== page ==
Claire Eldred



Pte. James Hoey Black Watch

My Dad was a prisoner of war during WW11 at Stalag 20b, Marienburg or so we thought. There are some stories that say it wasn’t in Marienburg but in Willenburg. His name was Private James Hoey, he was in The Black Watch. I wish I had asked him questions when he talked about it. Unfortunately, he died in 1999 and I am trying to research as much about him as I can. So if anyone knew my Dad or can tell me when and where he was captured or knew of anyone who served with him, I'd love to hear from you.

Janette Lee



Pte. Thomas Parker "Jim" Smith Black Watch

My Dad, Thomas Smith was held at Stalag XXB but like many did not talk about it much. He was wounded by a grenade so probably spent some time in medical care, loosing the sight in his right eye and wounds to right arm and leg He did tell some funny stories like the one about the potato that made noises.... familiar to anyone?

Tricia Anderson



L/Cpl. Wilfred Williams Royal Signals

Our father, Wilfred Williams, Royal Signals Army No 2328793 was at Stalag XXb. He was a prisoner of war from June 1940 to May 1945. In his later years he told us some of what had happened to him. Dad was an office boy working in a hospital in Portsmouth. He wanted a choice, not be drafted into the P B I (poor bloody infantry) so joined up and was put into the Signals Corp. All the British equipment was old, no tanks. After the First World War disarmament was the way of most of the world, but the Germans had the principle of ‘guns before butter’. The Signals Corp had wireless trucks but instead of having the proper radio equipment in them, they had a lot of cricket equipment, games etc. They thought the war would be over soon. In 1940 he was near a beach with cliffs at St Valery-en-Caux near Calais as rear guard as the 51st Highland Division was being chased down the coast. Their original orders were to ‘Hold the line’, but then came the order ‘Every man for himself!’ and to dismantle rifles so they could not be used by the enemy, but the guns were from the 1914 war anyway.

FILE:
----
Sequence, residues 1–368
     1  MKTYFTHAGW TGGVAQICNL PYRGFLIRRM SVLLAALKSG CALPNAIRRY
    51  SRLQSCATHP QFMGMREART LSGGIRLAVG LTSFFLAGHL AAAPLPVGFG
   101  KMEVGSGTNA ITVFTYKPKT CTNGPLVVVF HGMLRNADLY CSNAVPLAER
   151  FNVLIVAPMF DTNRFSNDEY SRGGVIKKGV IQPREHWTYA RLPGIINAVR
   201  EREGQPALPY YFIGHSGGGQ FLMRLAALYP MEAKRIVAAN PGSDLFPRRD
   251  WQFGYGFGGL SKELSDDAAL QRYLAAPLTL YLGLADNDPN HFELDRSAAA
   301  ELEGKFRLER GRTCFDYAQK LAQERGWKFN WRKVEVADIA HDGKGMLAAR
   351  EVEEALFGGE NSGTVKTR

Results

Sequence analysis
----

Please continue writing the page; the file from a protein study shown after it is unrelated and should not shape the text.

It was desperate. His company was surrounded at gunpoint by Germans. Eventually with thousands of other British, French, Dutch and Belgians they were marched from France to Holland, living on the occasional loaf or whatever they could find in the fields or hedges.

In Holland the POW's were loaded onto barges with no facilities for five days, until reaching Germany where they were put onto trains. The carriages said ‘8 horses or 40 men’, but 100 men were put in each. There was little water or food, and just a 3 feet by six inch opening where men took turns to stand. In Poland they were taken to the prison camp Marienburg Stalag XXb. Dad told us, ‘Everyone was suffering alike. They were a good lot of lads and relieved to be alive, to live through another day. Some comedians had a sense of humour. They were never overfed. It kept you down.